The capital markets long ago stopped rewarding companies for generating impressive-sounding site traffic numbers, but Gomez, Inc. finds that banks still pay attention to site traffic as a measure of success in translating Internet spending into value both for the customer and the enterprise. Based on the approach banks have taken to Internet delivery, certain measures of site traffic, such as visits to account management areas and product applications, continue to be useful metrics of success.
But given where Gomez believes Internet delivery strategies need to head, many measures of traffic measurement will no longer show a positive correlation with the quality of the customer experience. Indeed, many measures of site usage may begin to decline as customer satisfaction and the bank's business advantage from the Internet rise. The issue is not that site traffic measures are not a good indicator of success for many banks' current Internet strategies; these measures currently work for most banks. The issue is that if banks were effectively building out their delivery of online services, most site traffic measures would cease to be reasonable indicators of Internet success.
Here are three steps that leading banks are starting to take that clearly illuminate this trend:
Automation. Increasingly, banks will allow customers greater flexibility in automating payments and other transactions. Already, Gomez sees this flexibility emerging in bill payment and transfers. For instance, 80% of banks on our Internet Banking Scorecard allow customers to set a recurring bill payment with an end date. (To see Internet Scorecard, visit : https://www.gomez.com/scorecards/index.asp?topcat_id=1).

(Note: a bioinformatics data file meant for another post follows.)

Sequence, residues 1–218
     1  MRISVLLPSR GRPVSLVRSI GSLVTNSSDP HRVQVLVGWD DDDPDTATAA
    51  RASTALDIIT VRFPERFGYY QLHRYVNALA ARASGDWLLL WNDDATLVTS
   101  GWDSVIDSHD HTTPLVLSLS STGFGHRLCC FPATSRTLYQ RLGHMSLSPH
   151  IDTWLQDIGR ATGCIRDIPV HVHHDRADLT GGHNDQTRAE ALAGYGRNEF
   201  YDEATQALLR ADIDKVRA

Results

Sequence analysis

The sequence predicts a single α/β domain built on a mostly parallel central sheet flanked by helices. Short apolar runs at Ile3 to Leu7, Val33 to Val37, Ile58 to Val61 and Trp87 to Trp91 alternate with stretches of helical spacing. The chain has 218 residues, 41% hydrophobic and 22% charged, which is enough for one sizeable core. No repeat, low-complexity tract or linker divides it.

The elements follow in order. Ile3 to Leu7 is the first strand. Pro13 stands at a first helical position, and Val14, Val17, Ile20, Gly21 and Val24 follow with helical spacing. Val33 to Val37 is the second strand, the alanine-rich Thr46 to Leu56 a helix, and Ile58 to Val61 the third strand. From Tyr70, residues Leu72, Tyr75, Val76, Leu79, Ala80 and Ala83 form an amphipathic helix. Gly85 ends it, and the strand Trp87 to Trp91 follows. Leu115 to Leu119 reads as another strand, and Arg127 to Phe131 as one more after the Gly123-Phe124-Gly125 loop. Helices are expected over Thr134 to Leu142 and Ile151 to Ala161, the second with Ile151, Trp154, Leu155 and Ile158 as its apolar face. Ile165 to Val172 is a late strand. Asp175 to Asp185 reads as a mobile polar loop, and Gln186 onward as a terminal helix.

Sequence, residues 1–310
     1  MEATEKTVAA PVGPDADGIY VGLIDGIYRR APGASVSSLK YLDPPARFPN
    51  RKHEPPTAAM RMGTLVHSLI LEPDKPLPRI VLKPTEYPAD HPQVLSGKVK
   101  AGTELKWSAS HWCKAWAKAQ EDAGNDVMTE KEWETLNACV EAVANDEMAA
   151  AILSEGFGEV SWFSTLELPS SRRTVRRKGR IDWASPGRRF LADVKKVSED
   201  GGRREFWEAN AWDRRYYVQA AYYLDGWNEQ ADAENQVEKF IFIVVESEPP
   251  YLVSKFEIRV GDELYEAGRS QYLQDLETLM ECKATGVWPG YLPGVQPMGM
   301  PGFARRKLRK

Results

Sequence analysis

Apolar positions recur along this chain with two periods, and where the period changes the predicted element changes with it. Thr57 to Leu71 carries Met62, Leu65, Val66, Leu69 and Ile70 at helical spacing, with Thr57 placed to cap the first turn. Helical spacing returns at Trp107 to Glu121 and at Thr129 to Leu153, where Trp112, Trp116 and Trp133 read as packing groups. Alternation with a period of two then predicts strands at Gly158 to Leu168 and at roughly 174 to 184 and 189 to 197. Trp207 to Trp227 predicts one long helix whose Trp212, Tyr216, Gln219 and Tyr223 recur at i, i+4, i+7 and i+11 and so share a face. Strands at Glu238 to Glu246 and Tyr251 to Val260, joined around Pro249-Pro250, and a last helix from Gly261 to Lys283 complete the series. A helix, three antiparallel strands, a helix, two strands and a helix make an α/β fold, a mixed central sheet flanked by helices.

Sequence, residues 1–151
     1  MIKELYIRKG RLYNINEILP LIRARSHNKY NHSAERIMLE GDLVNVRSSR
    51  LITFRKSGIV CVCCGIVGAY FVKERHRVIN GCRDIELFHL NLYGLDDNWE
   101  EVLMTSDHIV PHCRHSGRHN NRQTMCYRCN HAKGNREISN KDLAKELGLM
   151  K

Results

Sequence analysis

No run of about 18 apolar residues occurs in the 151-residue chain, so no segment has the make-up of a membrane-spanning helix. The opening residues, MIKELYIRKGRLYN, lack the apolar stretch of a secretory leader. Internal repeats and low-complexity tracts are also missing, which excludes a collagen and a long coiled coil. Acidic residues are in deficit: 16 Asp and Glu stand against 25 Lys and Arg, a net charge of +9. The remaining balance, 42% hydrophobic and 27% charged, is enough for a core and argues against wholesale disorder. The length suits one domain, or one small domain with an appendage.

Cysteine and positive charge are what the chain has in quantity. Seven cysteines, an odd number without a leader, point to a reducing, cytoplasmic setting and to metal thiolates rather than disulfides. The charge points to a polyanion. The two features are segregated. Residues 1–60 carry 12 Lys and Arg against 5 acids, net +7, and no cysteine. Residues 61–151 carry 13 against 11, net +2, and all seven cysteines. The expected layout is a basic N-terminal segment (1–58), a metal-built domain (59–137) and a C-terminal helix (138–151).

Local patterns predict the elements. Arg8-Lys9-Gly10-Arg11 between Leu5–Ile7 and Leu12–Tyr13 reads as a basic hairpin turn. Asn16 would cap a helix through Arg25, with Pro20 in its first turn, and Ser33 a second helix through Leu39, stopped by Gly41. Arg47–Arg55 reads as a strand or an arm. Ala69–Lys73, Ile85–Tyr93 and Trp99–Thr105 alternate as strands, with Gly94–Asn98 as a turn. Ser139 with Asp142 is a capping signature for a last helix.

In the credit card arena, 15% of issuers on our Internet Credit Card Scorecard allow customers to set recurring payments to their credit cards online from an external checking account. (To see Credit Card Scorecard, visit: https://www.gomez.com/scorecards/index.asp?topcat_id=73§ion=scorecard_main)
With automated payments, the customer has less need to visit the site. Site visitations and time spent on the site may both decline as a result, and yet the customer will be tied tighter into their accounts.
Outreach. Picture a customer checking back day after day to see if a check they wrote or deposited has hit their account. Now picture the same customer receiving an e-mail alert when the check has cleared. This scenario, often cited as a motivation for alerts, has implications for the number of visits and length of visits customers make to a bank or card issuer's Web site. In fact, many leading card issuers are leaders in alerts.
Usability. Pre-filled applications, single sign-on and other steps that reduce the need for entry of logins, passwords or personal information can all contribute to shorter visits by customers. They can also contribute to fewer visits, with pre-filled applications allowing customers to complete applications in one sitting and single sign-on encouraging customers to take care of both banking and other tasks in one sitting. Ultimately, any time a bank creates a clear path for the customer to complete a task, the customer is likely to waste less time and more likely to finish the task.
The change in thinking we argue for here is not simply that site traffic is not the most direct way to measure the success of Internet delivery strategies. The change is: If banks adopt a rigorous approach to serving the customer in the best way then there may be in fact no correlation or even negative correlation between the time customers spend online with the bank and the value they and ultimately the bank gain from the bank's Internet delivery of services.
Chris Musto is vice president of research at Gomez, Inc., an Internet quality measurement market research and advisory services firm in Waltham, MA. Please send any comments or feedback to [email protected]